(Frankfurt a. M., 30.10.2023) Power generation from renewable energies is leading to ever greater fluctuations. Today, imbalances between power generation and power demand can be balanced well with conventional power plants because they can be used flexibly. However, in order to achieve climate targets, all electricity generation must be decarbonized in the long term. According to the German government's plans, the last coal-fired power plant in Germany is to be taken off the grid by 2038 at the latest. With the elimination of this reserve, the probability of grid bottlenecks increases.
Promising solution: Making the energy system more flexible
The task force "Flexibilization of the Energy System (EnerFlex)" of the Power Engineering Society within VDE (VDE ETG) has therefore investigated in a study of the same name how our power supply network can be better prepared for this scenario. "One promising solution for the electrical power supply system is to make consumption, but also generation, more flexible and to use storage systems," explains Prof. Dr.-Ing Martin Wolter of Otto von Guericke University Magdeburg and head of the task force. The VDE ETG experts conclude that more flexibility can efficiently address the numerous current challenges facing the energy system.
Estimation of the flexibility potential
The VDE ETG Task Force first estimated how great the potential for more flexibility is. On the one hand, this results from the expansion of renewable energies on the generation side. It is expected that the flexible generation capacity will increase from 110 GW to 130 GW by 2030. However, with the disadvantage that power generation can only be influenced more often than today if too much is produced. Because solar or wind power cannot be switched on and off like a conventional power plant. On the other hand, the potential for flexibility is also increasing among consumers. Here, an increase of just under 30 GW of flexibility is expected, mainly through the grid integration of electric cars, power-to-heat (for example, heat pumps) and power-to-gas facilities. In addition, a massive expansion of battery storage is expected by 2030, especially in the home sector.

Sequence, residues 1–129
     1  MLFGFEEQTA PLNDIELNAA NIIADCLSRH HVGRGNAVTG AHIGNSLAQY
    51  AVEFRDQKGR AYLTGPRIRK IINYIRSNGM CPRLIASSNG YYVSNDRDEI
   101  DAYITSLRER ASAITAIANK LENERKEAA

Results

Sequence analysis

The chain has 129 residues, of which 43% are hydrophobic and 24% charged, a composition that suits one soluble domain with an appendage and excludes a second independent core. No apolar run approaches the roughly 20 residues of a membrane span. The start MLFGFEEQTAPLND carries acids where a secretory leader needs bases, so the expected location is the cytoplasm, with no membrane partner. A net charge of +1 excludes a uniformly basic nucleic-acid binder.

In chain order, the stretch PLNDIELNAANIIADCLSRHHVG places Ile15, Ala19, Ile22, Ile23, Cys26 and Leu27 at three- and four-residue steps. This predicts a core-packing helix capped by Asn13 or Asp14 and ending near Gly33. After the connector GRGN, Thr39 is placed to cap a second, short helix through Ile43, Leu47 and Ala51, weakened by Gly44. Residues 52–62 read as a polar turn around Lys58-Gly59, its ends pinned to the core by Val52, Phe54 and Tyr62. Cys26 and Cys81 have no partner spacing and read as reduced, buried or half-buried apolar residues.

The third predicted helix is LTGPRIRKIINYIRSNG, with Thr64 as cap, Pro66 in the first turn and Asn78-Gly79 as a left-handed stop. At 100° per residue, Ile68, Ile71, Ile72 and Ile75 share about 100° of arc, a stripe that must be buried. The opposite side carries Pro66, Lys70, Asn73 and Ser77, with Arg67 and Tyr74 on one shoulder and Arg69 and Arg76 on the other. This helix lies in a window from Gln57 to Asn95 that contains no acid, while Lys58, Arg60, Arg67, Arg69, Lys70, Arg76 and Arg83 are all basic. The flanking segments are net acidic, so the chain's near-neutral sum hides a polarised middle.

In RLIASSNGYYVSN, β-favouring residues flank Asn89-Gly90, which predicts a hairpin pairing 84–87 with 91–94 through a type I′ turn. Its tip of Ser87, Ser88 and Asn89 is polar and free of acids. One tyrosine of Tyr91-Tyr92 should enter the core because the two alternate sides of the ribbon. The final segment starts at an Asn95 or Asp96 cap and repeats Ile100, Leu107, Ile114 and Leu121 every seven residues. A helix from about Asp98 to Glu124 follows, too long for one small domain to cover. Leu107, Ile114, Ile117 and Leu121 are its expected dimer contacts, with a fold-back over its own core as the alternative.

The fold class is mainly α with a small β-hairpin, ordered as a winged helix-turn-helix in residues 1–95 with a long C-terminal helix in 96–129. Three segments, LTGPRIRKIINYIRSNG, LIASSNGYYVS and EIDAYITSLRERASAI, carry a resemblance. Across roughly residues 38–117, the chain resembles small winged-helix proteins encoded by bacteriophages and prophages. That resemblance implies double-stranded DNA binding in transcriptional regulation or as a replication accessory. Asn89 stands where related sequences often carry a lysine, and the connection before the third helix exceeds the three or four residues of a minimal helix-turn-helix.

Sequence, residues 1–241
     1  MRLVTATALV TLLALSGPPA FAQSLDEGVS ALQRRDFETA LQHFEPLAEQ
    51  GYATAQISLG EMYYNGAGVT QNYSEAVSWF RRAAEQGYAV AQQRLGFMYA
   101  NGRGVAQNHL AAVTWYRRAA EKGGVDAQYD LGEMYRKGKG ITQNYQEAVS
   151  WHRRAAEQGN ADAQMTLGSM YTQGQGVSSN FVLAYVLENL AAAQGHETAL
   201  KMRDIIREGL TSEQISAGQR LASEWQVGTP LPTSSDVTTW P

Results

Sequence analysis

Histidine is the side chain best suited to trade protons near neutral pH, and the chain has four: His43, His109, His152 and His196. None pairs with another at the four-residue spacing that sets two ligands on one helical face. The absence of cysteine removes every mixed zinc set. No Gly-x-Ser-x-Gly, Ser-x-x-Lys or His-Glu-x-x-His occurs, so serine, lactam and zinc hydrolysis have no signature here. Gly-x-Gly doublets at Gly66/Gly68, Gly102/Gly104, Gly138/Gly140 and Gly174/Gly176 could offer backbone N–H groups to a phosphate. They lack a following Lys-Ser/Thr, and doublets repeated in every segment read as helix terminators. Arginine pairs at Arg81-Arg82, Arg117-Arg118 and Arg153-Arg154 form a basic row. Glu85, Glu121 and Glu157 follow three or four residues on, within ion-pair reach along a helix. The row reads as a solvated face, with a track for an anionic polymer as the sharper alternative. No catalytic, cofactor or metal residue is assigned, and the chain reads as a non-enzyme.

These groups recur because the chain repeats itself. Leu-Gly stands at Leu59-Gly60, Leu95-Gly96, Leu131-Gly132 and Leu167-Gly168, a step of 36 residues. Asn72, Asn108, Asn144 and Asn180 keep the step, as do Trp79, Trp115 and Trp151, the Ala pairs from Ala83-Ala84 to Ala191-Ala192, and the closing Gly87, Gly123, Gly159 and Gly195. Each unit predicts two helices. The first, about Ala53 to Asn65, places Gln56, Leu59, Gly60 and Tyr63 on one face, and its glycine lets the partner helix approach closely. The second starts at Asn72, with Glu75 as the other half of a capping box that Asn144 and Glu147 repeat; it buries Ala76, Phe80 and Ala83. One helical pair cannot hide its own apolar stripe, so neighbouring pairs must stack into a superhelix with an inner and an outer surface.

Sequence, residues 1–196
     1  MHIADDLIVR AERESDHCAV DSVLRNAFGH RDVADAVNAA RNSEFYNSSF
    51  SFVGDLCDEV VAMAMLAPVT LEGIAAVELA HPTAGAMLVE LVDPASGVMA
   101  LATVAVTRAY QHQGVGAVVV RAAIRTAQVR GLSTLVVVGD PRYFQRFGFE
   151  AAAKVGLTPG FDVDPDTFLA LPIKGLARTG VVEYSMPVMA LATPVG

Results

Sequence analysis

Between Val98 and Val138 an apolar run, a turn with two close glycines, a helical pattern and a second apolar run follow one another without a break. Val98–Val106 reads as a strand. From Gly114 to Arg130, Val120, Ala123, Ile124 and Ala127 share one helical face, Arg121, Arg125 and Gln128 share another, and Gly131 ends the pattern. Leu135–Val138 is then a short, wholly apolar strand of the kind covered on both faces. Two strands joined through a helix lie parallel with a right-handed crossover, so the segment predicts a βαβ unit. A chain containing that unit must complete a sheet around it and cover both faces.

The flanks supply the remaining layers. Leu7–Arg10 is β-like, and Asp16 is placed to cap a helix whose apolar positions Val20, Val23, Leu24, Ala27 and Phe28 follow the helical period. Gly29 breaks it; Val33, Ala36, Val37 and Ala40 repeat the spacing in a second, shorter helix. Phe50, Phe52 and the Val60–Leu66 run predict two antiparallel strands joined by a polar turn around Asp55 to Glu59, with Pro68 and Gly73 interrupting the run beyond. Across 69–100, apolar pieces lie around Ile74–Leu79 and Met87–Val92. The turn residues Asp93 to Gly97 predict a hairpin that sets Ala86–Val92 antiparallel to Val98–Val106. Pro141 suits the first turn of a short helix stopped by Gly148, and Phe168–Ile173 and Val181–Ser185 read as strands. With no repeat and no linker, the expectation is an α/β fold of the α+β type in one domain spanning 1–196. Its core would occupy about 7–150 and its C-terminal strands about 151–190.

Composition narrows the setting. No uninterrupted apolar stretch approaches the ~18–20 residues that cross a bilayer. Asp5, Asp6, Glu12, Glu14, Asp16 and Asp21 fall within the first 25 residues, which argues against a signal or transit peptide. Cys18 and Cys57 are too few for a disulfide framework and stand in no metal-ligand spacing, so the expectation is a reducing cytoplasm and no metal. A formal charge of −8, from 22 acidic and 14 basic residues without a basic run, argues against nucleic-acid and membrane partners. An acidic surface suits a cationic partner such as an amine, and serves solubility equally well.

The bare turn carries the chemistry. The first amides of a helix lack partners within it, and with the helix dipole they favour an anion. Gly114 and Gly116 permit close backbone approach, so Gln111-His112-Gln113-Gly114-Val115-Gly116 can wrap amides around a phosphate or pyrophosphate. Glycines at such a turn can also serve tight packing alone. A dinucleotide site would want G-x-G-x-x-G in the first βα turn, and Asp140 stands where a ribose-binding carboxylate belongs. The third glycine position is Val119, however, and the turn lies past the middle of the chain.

Adapt regulatory framework – rapid rollout of smart metering system
It should be noted that flexibility is a scarce resource that needs to be coordinated and costs money. The VDE ETG Task Force has created a heat map to determine the most economically sensible use of flexibility depending on its intended use. The task force has paid particular attention to the question of the extent to which the regulatory framework needs to be adapted. In particular, the creation of controllability and observability, the standardization of communication technology interfaces, and the rollout of smart metering systems are of central importance here. In addition, obstacles in the network charge and apportionment system can be removed, which result, for example, from excessively rigid or outdated requirements in Section 19 (2) StromNEV.
The complete study of the VDE ETG Taskforce "Flexibilization of the Energy System (EnerFlex)" can be found here (in German, summery in English included).